A tip for those who choose to use an all Nylon leader whether hand knotted or knotless extruded. Back when I used to fish for Atlantic salmon each spring (which I no longer do), I would build my Blood Knotted leaders using moderately stiff butt sections and more supple, modern co-polymer mid and tippet sections (no funky Maxima to the dismay of Canadian guides) out to about 10 to 12'. the evening before fishing, I would soak them in warm water (monofilament is somewhat porous and is affected by water) then hang them off a deck or out a window with a bit of weight tied to the tippet. When cooled and dried they would be straight as an arrow when attached to my fly line and rigged on the rod. Straightening the leader in this way eliminated the frictional damage the can be caused by pulling the Nylon through a leather pad or whatever and rendered it superior for the big mends employed to adjust the swim of a salmon fly through a pool. And I never used a Turle Knot to bend on an up-loop-eye salmon hook, never.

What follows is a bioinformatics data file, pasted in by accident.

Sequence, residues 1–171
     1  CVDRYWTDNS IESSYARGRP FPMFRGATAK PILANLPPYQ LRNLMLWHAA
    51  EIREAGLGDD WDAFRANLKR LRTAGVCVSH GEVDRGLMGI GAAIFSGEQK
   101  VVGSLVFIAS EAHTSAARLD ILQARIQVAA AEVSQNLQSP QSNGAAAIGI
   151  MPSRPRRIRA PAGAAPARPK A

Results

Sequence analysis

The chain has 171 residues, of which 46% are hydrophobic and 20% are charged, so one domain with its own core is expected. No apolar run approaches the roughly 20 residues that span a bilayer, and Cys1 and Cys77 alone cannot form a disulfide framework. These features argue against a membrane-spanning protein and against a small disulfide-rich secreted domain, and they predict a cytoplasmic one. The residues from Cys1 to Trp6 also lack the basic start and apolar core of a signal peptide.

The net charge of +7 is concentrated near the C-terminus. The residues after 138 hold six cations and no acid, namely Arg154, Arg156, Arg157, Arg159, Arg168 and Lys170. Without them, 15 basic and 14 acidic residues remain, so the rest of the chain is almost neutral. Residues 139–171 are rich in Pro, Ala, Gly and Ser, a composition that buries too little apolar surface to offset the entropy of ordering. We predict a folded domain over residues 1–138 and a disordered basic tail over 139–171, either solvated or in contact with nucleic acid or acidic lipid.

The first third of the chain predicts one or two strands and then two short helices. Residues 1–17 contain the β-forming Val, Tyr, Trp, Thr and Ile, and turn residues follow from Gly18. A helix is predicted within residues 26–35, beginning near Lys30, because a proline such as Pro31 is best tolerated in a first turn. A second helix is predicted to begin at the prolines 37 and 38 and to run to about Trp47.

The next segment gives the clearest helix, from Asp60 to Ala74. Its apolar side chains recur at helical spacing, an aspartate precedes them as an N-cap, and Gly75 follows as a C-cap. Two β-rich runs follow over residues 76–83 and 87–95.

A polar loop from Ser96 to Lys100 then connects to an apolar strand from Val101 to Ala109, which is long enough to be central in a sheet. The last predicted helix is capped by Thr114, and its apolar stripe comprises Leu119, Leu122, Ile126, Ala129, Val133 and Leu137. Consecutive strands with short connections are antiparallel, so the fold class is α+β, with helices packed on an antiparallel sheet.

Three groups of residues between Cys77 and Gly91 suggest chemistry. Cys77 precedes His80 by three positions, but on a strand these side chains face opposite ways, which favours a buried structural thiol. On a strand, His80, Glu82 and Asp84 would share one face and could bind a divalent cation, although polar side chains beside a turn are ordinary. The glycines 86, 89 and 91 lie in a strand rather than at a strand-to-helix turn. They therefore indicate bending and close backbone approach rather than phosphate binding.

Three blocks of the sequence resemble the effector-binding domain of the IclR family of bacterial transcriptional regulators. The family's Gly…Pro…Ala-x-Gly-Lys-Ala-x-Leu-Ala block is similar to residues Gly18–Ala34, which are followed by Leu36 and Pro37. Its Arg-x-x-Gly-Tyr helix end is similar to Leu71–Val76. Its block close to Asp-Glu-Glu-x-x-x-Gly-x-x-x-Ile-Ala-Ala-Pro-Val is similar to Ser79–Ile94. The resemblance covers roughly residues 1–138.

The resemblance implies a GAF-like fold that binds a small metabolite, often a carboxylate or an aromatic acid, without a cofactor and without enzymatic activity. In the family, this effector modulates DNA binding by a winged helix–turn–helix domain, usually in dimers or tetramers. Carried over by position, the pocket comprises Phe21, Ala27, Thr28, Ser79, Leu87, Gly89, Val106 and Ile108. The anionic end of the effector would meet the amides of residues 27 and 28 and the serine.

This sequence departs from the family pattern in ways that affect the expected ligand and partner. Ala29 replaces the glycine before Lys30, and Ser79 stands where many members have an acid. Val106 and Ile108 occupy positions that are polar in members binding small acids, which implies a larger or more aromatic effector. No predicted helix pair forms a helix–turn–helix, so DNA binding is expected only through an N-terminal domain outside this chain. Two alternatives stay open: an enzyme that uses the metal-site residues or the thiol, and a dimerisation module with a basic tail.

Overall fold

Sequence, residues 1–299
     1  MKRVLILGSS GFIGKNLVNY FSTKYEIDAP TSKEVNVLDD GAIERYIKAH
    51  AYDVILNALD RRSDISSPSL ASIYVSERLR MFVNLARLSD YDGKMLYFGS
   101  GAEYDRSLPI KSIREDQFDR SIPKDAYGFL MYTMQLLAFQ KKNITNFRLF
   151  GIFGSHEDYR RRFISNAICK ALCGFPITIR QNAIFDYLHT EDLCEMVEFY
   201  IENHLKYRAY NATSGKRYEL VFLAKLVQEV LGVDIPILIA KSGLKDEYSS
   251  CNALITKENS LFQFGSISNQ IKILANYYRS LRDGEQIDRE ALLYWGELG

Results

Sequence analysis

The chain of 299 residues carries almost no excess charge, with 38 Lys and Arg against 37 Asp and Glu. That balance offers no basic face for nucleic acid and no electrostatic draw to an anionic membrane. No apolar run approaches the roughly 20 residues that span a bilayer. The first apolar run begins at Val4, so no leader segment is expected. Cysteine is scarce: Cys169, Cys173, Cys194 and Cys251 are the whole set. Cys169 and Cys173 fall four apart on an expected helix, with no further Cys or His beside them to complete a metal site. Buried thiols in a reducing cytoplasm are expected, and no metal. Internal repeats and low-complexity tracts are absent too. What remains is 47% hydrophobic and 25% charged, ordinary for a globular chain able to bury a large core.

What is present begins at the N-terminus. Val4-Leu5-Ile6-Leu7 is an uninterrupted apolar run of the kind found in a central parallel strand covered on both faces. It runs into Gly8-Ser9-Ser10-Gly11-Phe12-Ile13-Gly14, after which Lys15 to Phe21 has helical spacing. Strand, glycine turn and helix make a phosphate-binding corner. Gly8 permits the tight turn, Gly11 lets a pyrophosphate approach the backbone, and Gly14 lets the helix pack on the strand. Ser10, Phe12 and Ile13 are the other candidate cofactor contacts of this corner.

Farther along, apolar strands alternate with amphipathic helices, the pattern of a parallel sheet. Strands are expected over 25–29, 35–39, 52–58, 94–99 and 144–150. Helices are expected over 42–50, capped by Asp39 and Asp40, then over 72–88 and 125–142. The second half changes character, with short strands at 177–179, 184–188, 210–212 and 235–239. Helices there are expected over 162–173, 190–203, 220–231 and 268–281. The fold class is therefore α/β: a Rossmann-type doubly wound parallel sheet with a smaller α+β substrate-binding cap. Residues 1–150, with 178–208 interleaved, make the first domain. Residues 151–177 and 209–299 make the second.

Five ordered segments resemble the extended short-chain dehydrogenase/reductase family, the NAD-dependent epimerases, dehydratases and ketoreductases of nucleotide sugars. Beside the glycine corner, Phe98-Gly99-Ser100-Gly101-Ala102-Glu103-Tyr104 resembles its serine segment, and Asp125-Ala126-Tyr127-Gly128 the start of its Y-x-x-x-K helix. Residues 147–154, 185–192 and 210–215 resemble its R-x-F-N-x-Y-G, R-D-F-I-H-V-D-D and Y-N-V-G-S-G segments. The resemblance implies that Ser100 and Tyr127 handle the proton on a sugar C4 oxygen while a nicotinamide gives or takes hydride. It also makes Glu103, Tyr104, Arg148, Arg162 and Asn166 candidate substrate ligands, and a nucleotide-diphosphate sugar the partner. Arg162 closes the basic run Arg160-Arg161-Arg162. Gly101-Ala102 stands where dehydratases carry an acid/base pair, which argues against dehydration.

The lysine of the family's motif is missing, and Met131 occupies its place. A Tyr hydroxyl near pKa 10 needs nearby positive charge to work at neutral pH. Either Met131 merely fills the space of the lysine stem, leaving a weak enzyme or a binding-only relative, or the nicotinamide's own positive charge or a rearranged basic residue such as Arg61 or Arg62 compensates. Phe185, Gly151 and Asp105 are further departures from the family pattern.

I get the popularity of factory extruded tapered leaders and have a drawer full of them. They are better than they used to be and obviously the easiest thing to use. I find their simple tapers unacceptable for dry fly presentation though fine for fishing wets. I have long regarded knot tying skill and thoughtful leader craft to be a fundamental fly fishers' capability but folks remind me now and then that times have changed. I scowl and remark, "Not necessarily for the better".